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U.S. Tour of French Frigate Hermione Highlights Past and Present Seapower Alliances

The French ship Hermione sits at a pier in Alexandria, Va., on June 10, 2015. USNI News photo.

The French ship Hermione sits at a pier in Alexandria, Va., on June 10, 2015. USNI News photo.

The 18th century French warship Hermione is making its way up the East Coast to celebrate the French-American friendship and the importance of seapower – both in the 1780s and today.

The original three-mast Concorde-class frigate arrived in Boston in 1780, bringing General Lafayette – or Marie-Joseph Paul Yves Roch Gilbert du Motier, Marquis de Lafayette – to alert George Washington that help was on the way for the colonists struggling to gain independence from Britain.

The replica Hermione (pronounced Her-me-own) arrived in Yorktown, Va., on June 5 and has since visited Alexandria, Va., and Annapolis, Md. Tomorrow, the ship will enter the Inner Harbor in Baltimore for a weekend of events.

But the story of the Hermione Voyage 2015 actually begins in the early 1990s, Miles Young, president of Friends of Hermione-Lafayette in America, said.

The town of Rochefort, France, was falling into hard times. The former site of warship construction, “that town had become quite run down, economically challenged. So the mayor had the idea of doing something which would bring visitors to the town,” he said.
“And just about the same time the original wreck of the Hermione had been found. It was too broken up to restore, so the idea was, well why not rebuild it if we can’t restore it?”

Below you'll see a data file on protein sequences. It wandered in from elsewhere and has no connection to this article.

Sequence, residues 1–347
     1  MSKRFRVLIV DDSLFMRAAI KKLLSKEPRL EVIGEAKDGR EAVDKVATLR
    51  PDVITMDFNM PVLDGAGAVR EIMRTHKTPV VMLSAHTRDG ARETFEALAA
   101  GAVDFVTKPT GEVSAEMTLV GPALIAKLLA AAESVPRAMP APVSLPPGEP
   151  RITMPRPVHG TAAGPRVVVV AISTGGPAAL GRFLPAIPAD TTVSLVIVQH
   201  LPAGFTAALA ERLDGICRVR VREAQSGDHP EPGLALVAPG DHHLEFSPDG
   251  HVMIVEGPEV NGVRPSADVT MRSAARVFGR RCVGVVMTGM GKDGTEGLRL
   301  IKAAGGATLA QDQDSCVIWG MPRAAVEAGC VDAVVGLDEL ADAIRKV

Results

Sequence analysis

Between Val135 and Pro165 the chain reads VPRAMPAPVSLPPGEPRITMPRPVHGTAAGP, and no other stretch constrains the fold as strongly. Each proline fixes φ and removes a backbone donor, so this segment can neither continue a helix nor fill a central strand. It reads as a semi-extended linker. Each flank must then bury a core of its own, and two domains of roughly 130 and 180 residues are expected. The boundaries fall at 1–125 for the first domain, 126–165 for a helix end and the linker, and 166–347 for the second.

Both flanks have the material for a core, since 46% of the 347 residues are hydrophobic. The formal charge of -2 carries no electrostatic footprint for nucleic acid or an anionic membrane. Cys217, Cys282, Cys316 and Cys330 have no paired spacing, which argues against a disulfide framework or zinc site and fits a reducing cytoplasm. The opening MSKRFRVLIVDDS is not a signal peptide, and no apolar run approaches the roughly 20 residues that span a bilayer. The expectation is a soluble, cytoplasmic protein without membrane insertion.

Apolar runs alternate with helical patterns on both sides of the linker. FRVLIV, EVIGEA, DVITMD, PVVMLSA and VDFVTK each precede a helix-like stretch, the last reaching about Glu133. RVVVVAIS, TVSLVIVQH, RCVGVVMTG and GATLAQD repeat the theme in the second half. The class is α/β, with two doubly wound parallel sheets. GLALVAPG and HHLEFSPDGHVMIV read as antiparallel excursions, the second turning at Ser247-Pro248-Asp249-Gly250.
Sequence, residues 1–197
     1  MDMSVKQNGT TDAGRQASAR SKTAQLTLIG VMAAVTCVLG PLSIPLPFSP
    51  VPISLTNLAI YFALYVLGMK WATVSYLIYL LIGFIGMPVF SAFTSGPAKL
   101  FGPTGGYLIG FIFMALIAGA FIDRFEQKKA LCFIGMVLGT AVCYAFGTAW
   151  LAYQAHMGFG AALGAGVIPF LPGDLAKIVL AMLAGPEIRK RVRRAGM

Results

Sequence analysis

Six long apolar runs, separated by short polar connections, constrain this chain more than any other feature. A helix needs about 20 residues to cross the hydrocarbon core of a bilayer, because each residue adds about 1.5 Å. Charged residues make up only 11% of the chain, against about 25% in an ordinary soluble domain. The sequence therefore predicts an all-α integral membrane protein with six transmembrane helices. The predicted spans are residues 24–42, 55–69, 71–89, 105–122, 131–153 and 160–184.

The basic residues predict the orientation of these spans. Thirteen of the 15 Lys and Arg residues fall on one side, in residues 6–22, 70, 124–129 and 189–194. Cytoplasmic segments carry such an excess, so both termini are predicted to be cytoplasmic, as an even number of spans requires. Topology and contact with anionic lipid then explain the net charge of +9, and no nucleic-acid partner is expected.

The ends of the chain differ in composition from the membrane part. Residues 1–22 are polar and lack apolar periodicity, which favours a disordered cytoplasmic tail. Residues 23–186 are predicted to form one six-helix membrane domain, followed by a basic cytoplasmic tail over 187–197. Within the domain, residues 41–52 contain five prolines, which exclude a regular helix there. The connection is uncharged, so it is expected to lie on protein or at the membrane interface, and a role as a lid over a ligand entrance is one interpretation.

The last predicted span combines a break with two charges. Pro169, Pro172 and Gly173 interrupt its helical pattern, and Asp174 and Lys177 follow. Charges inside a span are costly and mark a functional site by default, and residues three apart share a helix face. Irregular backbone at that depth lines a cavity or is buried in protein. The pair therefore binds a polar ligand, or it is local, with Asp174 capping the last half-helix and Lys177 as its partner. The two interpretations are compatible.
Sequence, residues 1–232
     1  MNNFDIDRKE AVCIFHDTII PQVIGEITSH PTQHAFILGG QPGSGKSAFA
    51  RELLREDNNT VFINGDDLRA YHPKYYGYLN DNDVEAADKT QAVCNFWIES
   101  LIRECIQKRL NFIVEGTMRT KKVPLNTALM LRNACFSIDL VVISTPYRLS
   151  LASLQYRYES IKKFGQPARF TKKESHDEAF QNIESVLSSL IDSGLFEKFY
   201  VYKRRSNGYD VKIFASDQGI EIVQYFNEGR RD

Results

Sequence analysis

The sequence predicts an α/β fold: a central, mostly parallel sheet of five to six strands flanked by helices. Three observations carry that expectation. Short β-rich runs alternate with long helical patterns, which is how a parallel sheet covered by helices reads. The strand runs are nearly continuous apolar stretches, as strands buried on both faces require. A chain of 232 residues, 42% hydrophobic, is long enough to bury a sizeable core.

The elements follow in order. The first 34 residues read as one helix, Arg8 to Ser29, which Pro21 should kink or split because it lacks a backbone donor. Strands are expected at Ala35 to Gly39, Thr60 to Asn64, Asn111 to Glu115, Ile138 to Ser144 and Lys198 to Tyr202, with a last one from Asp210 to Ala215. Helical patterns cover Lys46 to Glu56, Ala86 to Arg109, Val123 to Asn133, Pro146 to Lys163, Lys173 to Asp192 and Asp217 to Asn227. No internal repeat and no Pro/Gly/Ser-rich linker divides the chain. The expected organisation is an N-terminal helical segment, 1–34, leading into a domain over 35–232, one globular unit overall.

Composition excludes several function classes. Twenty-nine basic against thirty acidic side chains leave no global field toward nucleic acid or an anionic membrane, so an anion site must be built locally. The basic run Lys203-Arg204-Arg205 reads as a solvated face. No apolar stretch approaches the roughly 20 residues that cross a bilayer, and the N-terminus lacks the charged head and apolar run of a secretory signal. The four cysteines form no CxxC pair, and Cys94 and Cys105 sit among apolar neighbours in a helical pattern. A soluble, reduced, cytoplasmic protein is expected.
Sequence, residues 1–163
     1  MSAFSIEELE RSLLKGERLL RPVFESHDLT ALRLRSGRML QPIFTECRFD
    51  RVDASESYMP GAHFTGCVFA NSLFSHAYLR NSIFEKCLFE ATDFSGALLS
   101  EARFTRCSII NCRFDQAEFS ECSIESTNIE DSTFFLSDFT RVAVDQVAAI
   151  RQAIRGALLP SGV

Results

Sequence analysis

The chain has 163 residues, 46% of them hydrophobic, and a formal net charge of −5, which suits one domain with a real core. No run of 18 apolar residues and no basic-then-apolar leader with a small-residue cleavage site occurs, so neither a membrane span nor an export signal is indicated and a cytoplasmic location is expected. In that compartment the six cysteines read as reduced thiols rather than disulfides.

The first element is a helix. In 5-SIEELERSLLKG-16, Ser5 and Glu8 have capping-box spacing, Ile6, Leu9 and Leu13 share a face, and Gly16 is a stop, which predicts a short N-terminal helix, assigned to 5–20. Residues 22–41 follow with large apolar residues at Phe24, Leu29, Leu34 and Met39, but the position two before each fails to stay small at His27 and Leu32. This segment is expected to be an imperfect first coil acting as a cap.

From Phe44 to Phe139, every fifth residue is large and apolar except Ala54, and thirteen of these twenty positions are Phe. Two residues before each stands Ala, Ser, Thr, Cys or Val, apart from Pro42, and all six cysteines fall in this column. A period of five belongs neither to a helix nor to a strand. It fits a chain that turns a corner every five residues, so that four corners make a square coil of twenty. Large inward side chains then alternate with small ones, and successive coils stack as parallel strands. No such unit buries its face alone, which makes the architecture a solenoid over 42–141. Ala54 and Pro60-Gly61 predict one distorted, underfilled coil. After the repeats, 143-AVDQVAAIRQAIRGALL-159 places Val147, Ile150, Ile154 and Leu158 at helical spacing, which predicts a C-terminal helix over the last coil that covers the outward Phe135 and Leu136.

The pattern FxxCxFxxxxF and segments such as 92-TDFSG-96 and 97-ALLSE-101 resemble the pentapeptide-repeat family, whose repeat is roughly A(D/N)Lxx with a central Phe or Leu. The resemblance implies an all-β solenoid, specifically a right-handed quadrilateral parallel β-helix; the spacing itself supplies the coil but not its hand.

In the early stages of the project, planners decided “it would be totally authentic, that there would be no compromises other than what the Coast Guard required, which is an engine and radar. So for all intents and purposes it’s a real 18th century warship,” Young said. That meant spending 10 years to find thousands of oak trees of just the right size and shape to build the hull, for example. One cannon was salvaged from the Hermione wreckage off the British coast, and it was put on the replica ship. The rest of the ship’s cannons were made at the same foundry as the original ship’s cannons.

The end result: the ship sails as exquisitely as the original.

“When it was built, the ship was really superior technology. What it did was to combine strong firepower with extreme speed and maneuverability,” Young said.
“The British caught her sister ship, the Concorde, and rather like [the Soviets] capturing a plane in the Cold War, the first thing they did was to measure it, examine it in every single way. And so it’s a bit of sophisticated technology, and it still sails perfectly. Lafayette said it sails like a bird when he was crossing the Atlantic. The captain now says she’s just like a greyhound.”

The original Hermione may have fought the British and ultimately met its demise in British waters, but the replica Hermione couldn’t have been built without them – the original plans for the ship had been lost, but the British still had their drawings of Concorde. The replica ship was constructed based on those diagrams.

Overall, Young said the Hermione Voyage 2015 is important on many levels. It honors the alliance between France and the United States, symbolizes liberty, reminds visitors of the importance of naval power throughout American history and today, and pays homage to Lafayette’s can-do attitude.

“Lafayette’s motto was ‘why not’ – ‘cur non’ – so, why not?” Young said.